Our Stories

Member Spotlight: 5 Minutes With Phil Prather From Down Under Enterprises

ACBC (NSW) Member Spotlight: 5 Minutes with Phil Prather from Down Under Enterprises

1. Tell us about your business and how you’ve leveraged your Australia-China connections to build your success in China?

Down Under Enterprises was founded by my wife, Dee-Ann, over 16 years ago to sell her parent’s Tea Tree Oil.  After 10 years of successfully exporting our native Australian personal care ingredients to North America, we decided to enter the China market in 2012.  At that time, I was Chief Marketing Officer for Cellestis, an ASX listed biotech experiencing strong international growth.  At Cellestis I was responsible for our China market entry strategy, to understand the (SFDA) regulatory environment, and to identify potential representatives.  During this time I learned of the small but rapidly growing high-end personal care market.  These manufacturers could not get good quality ingredients to satisfy their consumers’ demands.  Dee-Ann and I decided Down Under Enterprises should enter the China market.  It has been a long 6 years, with many ups and downs along the way, but we are now seeing tremendous success in the China market – 2017 is a watershed year.

2. What does a typical day look like for you and what are you currently working on?

I spend part of my day communicating with our representatives in China, supporting them with technical and product information, running joint video sales calls, and working with my Logistics Manager to solve the challenges that can occur when importing our products into China. A significant part of my day is also devoted with our expanding farming operations – developing more land and planting more to meet the demand we are experiencing in China.  The remaining part of my day involves driving the marketing program and tactical activities of the company.

3. What would you say are the five key elements for starting and running a successful business in/with China?

  • Wow, this is a tough question because they haven’t been the same five elements the whole way through our journey.  But here goes:
  • Don’t be too quick to select a representative. You need to find someone you can trust, someone who has demonstrated their resilience with a new range of products and capabilities.  You will know it’s right because they will be looking at the same qualities in you.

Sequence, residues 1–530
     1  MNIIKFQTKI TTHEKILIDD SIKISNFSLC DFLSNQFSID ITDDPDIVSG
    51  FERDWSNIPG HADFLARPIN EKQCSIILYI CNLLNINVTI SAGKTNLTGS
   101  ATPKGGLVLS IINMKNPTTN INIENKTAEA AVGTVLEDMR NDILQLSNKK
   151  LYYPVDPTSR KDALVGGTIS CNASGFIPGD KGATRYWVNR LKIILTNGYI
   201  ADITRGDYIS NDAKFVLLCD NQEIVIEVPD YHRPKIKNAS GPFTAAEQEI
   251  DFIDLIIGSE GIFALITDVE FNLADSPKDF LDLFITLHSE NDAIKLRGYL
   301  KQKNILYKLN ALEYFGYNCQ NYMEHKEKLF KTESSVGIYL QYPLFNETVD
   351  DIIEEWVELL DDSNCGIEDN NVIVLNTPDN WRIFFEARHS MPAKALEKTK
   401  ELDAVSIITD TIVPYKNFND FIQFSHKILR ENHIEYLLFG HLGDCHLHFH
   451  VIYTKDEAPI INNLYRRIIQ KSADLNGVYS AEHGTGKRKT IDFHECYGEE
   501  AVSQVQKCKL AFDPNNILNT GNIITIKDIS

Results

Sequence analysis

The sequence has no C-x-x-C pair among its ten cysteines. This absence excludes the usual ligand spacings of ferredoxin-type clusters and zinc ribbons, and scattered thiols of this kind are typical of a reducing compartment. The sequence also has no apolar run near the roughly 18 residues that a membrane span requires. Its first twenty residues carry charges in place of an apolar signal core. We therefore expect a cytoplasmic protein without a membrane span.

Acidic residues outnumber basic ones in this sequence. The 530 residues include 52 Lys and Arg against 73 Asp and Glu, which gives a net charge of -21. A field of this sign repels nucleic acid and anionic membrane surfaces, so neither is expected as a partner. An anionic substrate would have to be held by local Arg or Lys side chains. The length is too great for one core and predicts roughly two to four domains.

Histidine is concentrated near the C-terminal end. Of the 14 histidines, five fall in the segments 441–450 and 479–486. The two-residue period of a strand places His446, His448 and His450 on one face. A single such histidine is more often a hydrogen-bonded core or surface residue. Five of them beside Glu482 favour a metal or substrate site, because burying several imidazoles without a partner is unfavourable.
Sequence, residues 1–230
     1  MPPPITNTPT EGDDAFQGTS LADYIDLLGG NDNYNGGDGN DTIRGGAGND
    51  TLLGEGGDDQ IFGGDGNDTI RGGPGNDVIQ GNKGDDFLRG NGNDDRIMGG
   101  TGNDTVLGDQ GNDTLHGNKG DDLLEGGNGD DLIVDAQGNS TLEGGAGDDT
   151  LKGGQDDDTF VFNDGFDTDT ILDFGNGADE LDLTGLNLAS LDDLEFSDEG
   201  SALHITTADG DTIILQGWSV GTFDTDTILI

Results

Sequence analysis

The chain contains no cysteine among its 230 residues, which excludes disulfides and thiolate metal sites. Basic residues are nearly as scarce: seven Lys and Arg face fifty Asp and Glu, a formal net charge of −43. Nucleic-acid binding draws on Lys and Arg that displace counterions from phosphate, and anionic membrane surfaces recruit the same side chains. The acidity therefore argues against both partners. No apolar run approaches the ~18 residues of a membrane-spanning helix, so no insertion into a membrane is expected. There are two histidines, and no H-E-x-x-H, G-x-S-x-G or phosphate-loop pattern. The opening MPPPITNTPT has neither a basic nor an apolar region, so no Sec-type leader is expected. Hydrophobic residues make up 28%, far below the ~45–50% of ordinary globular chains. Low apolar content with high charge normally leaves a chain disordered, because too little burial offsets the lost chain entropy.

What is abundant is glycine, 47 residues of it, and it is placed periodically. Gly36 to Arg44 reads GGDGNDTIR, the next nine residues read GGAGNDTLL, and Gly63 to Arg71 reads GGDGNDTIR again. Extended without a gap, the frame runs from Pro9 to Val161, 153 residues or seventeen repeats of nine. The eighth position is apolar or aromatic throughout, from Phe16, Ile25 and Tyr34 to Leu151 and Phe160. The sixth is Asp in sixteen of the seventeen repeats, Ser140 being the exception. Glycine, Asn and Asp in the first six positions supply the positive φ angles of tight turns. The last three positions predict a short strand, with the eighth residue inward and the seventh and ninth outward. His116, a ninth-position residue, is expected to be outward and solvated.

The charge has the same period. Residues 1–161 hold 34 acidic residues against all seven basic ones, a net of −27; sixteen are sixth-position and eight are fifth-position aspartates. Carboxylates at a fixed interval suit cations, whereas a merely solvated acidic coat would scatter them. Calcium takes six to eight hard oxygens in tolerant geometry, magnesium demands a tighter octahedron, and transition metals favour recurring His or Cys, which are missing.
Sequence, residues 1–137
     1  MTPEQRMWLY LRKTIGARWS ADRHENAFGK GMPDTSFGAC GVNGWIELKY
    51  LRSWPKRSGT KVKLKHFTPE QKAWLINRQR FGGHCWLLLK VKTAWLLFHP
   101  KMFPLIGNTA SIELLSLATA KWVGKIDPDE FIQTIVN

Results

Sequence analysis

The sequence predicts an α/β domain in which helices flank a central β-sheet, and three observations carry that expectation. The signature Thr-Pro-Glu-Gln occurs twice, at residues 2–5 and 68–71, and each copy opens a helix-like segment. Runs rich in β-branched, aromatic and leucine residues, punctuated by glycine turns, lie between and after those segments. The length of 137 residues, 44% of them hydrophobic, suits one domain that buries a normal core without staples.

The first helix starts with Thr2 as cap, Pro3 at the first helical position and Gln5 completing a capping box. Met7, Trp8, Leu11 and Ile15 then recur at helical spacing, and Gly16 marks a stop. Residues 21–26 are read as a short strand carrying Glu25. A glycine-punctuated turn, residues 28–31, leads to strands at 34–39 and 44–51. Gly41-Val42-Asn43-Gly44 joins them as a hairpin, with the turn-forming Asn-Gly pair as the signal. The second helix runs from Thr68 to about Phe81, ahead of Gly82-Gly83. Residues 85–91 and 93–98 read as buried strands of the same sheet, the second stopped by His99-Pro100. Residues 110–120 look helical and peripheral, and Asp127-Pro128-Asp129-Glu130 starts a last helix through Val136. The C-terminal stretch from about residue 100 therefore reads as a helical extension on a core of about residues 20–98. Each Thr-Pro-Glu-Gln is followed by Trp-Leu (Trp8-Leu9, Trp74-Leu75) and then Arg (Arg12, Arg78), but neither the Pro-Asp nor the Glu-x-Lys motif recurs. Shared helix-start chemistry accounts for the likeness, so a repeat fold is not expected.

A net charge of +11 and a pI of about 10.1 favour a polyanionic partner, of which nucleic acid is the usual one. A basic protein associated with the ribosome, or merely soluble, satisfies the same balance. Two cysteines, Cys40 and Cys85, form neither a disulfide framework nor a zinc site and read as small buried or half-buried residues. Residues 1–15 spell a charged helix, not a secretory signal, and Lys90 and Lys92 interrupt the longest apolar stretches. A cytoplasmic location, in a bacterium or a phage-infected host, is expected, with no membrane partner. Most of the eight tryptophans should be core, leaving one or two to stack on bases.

• Make the investment to be in the country regularly.  China is a very different place than Australia.  Sure, our legal, regulatory, and commercial systems are different.  But you need to learn and understand the people.  China is a very rapidly evolving society and the people have experienced this change in a dramatically short timeframe.  In saying that, “China” is not just one “China”.  You will need to learn the differences amongst the different people of China, from Guangzhou in the south, to the metropolitan hub of greater Shanghai,  and out west to Chengdu and further.  It’s not one China.  And there is no substitute for being there, on the ground, to work with your team there.
  • Don’t be too quick to expect a return, the return will come if you do the first two and deliver a quality product, and supporting your local representatives.  It may be tempting to go for quick sales, but don’t do it if it will hurt your long term prospects.  You have a lot more to gain over the long haul.
  • Frequent communications with your representatives are critical; keep them excited and feeling part of the team; we do annual “Commercial Partner” meetings with our representatives across Asia to help them feel part of a bigger team and able to rely on each other for support.  Many of their customers (especially the big multi-nationals) are common across the region.
  • Native language marketing materials – even if you believe they can speak and read English well.  Make the investment.

4. How do you go about marketing your business in Australia/China and what has contributed to this success?

As we are a B2B wholesale business, Social Media is not an important part of our outbound marketing mix – but communicating with our customers, and their customers through Social Media platforms like WeChat is critical – they want to be in touch with you – and with handy translation capabilities built in the app, it’s actually very easy.  We exhibit at many tradeshows in China – even present on the formal agenda, and conduct interview editorials with our industry magazines/e-journals.  We are also listed on many industry databases across Asia.  We manage the leads directly in our CRM and provide our local representatives with the resources to follow through the sales process.

5. You have been very successful to date, but there have no doubt been challenges - what’s been your biggest challenge that you have overcome in your business journey with China?

I’m going through my biggest challenge right now and I hope we overcome it successfully.  We are in the process of releasing our ‘legacy’ representative in Shanghai – not an easy decision as we have developed a good personal relationship.  The new representative is, in fact, not ‘new’. We talked about working together back in 2012 when we first entered the China market.  However at that time, neither of us could commit to each other and we moved in different directions but always stayed in touch.  Times change and so do strategies.  By staying in touch over these years, we have grown to trust one another and respect what each other have done in the marketplace.  We believe the time is right to make this happen and we hope our/their customers do too.  Oh, we are having immense customs clearance issues, especially since CHAFTA, but we’re working through them shipment by shipment – we haven’t “overcome” that one yet.

6. What’s your motto/mantra?

Do the right thing to foster long term relationships.